There are almost as many ways to apply new data accrual and management techniques as there are emerging sources of intelligence. BTN spoke with tech pros and analysts to find out some of ways in which advanced data can be applied.
As Alliant Credit Union's Mona Leung points out, social media information can be an invaluable source of data on how people are responding to marketing campaigns, and that data that can be incorporated into more traditional CRM systems. And social networking sites themselves are a good place to gain extra intelligence on bank branding. "There's an opportunity to pick up end user sentiment through social media, and to fine tune marketing campaigns," says Mike Versace, research director, IDC Financial Insights.
Geolocation information, or data about a mobile user's geographic location, counts as "big data" for most analysts, who say information about where consumers are shopping can help inform special offers or loyalty programs. "There's a merchant intelligence that's possible here, optimizing offers that can really drive a lot of growth in mobile banking," Versace says.
- Fraud prevention
S Ramakrishnan, group vice president and general manager, Oracle Financial Services Analytical Applications, says companies have a better chance to spot people (internal or external) behaving badly, by having a broader view of relationships and activity. "When you are accumulating large amounts of data, what people are doing and where they are using that data is a part of that. There are some hidden behaviors that can be uncovered as a result of analysis of that data," he says.
Unstructured data from sources such as financial or personal blogs can provide insight into the tastes and appetites of consumers when it comes to retirement or wealth management. "It's something that advisors can use to follow customers. It can give better and more meaningful information on a client. But it's still pretty early in the adoption cycle to see this used as a data source for investment management," says Omer Sohail, a principal in Deloitte Consulting LLP and Banking & Security Business Analytics and Information Management Leader.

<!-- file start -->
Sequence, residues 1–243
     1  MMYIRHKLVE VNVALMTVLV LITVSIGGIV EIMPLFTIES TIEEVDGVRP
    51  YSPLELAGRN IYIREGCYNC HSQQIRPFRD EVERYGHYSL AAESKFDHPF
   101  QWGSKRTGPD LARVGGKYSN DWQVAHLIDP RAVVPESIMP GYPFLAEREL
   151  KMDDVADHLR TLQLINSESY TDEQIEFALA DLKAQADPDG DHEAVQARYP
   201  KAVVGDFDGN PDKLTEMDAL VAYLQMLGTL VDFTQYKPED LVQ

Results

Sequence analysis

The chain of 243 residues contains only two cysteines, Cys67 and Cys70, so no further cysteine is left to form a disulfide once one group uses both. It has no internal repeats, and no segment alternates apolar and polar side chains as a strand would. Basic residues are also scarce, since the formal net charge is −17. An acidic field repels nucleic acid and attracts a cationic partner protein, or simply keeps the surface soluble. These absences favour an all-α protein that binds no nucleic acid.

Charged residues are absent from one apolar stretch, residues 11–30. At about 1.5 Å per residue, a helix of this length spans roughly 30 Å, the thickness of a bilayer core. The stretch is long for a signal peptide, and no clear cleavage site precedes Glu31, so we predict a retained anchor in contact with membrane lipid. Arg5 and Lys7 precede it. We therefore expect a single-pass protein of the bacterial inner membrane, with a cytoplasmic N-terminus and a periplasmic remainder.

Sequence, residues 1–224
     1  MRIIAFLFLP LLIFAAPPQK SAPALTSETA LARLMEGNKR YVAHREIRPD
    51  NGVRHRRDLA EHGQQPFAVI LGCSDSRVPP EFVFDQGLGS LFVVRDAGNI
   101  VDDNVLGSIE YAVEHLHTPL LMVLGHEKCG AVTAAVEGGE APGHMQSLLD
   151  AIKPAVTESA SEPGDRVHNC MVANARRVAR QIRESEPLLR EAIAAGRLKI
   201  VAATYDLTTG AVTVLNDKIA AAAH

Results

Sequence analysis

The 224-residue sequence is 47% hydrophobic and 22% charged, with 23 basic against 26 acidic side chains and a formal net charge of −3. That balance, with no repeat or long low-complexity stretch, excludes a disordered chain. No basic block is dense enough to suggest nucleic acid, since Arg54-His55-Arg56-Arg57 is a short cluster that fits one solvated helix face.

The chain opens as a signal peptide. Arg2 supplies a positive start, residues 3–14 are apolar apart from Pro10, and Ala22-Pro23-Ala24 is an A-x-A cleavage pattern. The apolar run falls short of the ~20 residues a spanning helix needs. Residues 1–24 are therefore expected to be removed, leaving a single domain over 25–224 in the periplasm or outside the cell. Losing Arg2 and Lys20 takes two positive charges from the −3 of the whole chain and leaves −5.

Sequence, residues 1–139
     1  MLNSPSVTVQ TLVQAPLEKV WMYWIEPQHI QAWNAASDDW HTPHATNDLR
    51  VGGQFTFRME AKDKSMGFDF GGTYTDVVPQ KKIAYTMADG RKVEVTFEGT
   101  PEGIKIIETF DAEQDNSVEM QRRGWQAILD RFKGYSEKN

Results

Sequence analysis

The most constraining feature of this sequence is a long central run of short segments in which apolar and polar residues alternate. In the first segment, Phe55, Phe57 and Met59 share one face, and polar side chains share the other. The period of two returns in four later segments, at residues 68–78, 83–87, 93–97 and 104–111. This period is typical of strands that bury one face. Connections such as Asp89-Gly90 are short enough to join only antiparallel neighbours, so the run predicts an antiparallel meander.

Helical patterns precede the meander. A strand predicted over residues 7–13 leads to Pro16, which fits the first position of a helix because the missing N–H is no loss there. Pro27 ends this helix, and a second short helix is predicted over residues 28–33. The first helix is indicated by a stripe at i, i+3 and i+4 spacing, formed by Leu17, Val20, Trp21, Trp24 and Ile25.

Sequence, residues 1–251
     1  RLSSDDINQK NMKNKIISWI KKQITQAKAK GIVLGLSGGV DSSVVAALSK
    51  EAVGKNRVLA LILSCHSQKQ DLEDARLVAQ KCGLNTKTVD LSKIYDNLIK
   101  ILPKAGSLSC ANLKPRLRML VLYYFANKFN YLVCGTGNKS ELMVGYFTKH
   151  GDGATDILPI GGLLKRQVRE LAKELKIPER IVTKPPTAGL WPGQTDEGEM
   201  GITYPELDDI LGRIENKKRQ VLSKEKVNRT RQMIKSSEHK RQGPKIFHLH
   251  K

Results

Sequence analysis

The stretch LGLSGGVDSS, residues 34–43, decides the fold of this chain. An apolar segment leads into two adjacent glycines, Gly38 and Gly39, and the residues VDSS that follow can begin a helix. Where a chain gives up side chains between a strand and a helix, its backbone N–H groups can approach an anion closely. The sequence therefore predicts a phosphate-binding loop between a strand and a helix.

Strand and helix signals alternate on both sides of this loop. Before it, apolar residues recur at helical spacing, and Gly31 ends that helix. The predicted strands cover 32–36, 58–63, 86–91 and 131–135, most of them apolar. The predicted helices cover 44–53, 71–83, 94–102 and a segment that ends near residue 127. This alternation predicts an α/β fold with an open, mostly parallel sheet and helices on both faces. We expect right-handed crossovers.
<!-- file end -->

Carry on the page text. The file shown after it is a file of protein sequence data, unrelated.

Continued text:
Residential real estate is an ideal venue for alternative data, with a wide variety of information available from public sources, such as homeownership demographics, regional price changes, and blogs and social networking pages dedicated to homebuyers and sellers, which can give a lender a market pulse when combined with static sources such as real estate listings and consumer account information. When run through analytics, there's more information that can be used for underwriting, decisioning, credit risk and pricing. "Lenders can target customers more specifically because you can pull more data together to get a comprehensive view," says Brian McCarthy, managing director, Accenture Financial Services Analytics, North America.
This story originally appeared at Bank Technology News.
John Adams is contributing editor for American Banker.